Friday, 19th of August. As the week comes to an end, we can focus on the highlights of the crypto industry over the past few days.
PayPal mobile app adds support for bitcoin
PayPal has introduced the feature of buying, selling and transferring cryptocurrencies through its mobile app.
Bitcoin, Ethereum, Litecoin and Bitcoin Cash are supported. The minimum transaction amount is $1.
Both internal and external transfers are available to users, as well as the option to pay with digital currencies when shopping at “millions” of online stores that support PayPal.
The company’s app provides access to educational content on cryptocurrencies.
“Keep in mind that we can’t protect you from losses as a result of market volatility. Transferring cryptocurrency on the blockchain is also risky and your crypto may be delayed or lost. Be sure to do your research and buy and sell carefully,” the company warned.
In November 2020, PayPal allowed U.S. users to access crypto directly through their accounts.
As of April 2021, the firm announced support for Bitcoin, Ethereum, Litecoin and Bitcoin Cash on its Venmo mobile payment service. At the same time, PayPal CEO Dan Schulman noted that demand for digital assets hit it out of the park.
SEC refuses to unseal internal documents in Ripple case
The U.S. Securities and Exchange Commission (SEC) has filed an objection to the court’s request for disclosure of internal documents in the case against Ripple.
The matter in question is the text of a 2018 speech by William Hinman, the former director of the Division of Corporation Finance. Back then, he claimed that, for various reasons, bitcoin and Ethereum were not securities.
The SEC argued that the former official’s speech reflected his personal views. In February, the SEC filed a motion with the court, whereby Hinman expressed the stance of the Division of Corporation Finance. This is how the agency hoped to extend the DPP to drafts of the speech.
On July 12, 2022, Judge Sarah Netburn called the regulator’s viewpoint ‘hypocrisy’ and denied the motion to withhold disclosure of internal documents.
It was August 16 when the SEC accused Ripple’s lawyers of using a “fundamentally inconsistent argument.” The SEC pointed out in its objection to the court’s decision that Hinman’s speech was irrelevant.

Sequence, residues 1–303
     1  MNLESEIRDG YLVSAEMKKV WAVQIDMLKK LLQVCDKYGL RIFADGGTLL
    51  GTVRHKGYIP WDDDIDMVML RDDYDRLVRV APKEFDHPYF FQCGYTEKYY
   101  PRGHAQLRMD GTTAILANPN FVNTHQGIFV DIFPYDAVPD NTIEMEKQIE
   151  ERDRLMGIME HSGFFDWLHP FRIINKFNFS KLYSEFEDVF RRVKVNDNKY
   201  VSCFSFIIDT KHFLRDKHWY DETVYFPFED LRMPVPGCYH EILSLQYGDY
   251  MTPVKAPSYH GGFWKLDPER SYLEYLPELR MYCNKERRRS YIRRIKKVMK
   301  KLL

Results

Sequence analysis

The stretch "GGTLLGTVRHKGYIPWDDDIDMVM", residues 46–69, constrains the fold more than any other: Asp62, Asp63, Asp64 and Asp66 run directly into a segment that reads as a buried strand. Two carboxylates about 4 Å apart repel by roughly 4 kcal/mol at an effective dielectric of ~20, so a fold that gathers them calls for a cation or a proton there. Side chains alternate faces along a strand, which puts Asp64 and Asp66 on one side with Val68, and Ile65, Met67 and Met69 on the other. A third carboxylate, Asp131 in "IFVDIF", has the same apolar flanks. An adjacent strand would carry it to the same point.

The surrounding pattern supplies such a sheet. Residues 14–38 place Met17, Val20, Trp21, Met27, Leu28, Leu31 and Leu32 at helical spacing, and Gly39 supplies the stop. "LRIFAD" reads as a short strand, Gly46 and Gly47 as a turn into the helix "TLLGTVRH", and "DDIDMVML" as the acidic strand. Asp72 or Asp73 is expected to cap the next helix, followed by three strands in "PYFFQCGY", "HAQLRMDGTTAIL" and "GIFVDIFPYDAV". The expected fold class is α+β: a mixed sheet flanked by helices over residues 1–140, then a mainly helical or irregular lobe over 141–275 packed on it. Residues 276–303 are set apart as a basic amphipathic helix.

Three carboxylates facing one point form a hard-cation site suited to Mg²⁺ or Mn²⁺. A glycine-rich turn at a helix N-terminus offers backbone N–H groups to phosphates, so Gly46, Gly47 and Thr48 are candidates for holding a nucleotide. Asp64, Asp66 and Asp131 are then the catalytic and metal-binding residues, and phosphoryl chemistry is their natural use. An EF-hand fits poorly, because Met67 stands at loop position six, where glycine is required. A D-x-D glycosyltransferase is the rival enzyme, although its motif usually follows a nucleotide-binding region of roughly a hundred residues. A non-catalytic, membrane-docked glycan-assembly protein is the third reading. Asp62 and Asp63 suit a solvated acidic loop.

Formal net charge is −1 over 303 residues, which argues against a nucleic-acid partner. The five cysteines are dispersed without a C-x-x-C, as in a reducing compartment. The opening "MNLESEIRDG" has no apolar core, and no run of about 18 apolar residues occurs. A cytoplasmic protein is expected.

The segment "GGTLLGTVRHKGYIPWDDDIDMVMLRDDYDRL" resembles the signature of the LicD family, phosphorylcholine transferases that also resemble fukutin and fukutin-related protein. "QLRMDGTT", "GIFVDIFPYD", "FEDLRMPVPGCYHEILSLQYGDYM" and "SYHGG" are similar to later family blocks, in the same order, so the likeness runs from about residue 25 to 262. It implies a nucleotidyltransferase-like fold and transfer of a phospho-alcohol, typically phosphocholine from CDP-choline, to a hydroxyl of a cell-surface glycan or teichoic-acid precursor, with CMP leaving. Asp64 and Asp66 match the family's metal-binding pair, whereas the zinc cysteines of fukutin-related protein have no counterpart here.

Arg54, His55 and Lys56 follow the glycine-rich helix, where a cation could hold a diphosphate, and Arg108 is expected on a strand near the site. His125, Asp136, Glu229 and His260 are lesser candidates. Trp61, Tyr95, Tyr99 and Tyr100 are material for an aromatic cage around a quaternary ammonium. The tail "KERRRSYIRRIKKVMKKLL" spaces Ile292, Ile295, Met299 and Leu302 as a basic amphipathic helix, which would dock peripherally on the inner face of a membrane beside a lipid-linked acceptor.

According to the document, drafts of speeches appear to be internal documents that are not subject to disclosure. However, the regulator noted that the DPP also includes information relating to the proceedings.
The ex-employee’s speech was again called “preliminary” and “deliberative” by the SEC because it “reflects the author’s personal opinion” and “not agency policy.” As in the previous motion, the regulator invoked the attorney-client privilege.
New class action lawsuit filed in U.S. against Coinbase
George Kattula, who lives in the state of Georgia (USA), filed a class action lawsuit against the Coinbase crypto exchange. He accused the platform of unfair asset protection, freezing funds and blocking customer accounts.
As the plaintiff says, he received an email in April, allegedly from Coinbase, asking him to change the password for his account. Following that, almost $6,000 worth of assets disappeared from the account.
“Contrary to its claims, Coinbase does not properly use standard methods to secure user accounts. Coinbase improperly and unreasonably locks out its consumers from accessing their accounts and funds, either for extended periods of time or permanently,” the lawsuit alleges.
Kattula mentioned that the platform did not delay the processing and execution of the suspicious transaction. He also blamed the exchange’s customer service for untimely responses to requests.
“Furthermore, Coinbase does not disclose that the crypto assets on its platform are securities,” the plaintiff said.
During August, two class action lawsuits were submitted against Coinbase. The platform was charged with offering crypto assets that should have been registered as securities.
“Banking on Bitcoin” movie producer to shoot a film about Satoshi Nakamoto
Filmmaker Christopher Cannucciari and White Paper Films announced the production of “I Am Not Satoshi,” a documentary. They will raise funds for the motion picture through the Avalanche-based Republic platform, Decrypt reports.
“Experts and witnesses will help us understand the events leading up to and following Satoshi’s disappearance. Our goal is to tell this story before history becomes a myth,” the filmmaker stated.
He intends to address some theories regarding the identity of the creator of the first-ever cryptocurrency. The piece will also explain why some community members believe that the enigma of Satoshi Nakamoto must remain unsolved.
Movie makers hope to raise funding through the token sale at Republic as part of the Film Finance Offering, a concept developed by Ava Labs. It is expected that in the future the platform can be used by other filmmakers to finance their work.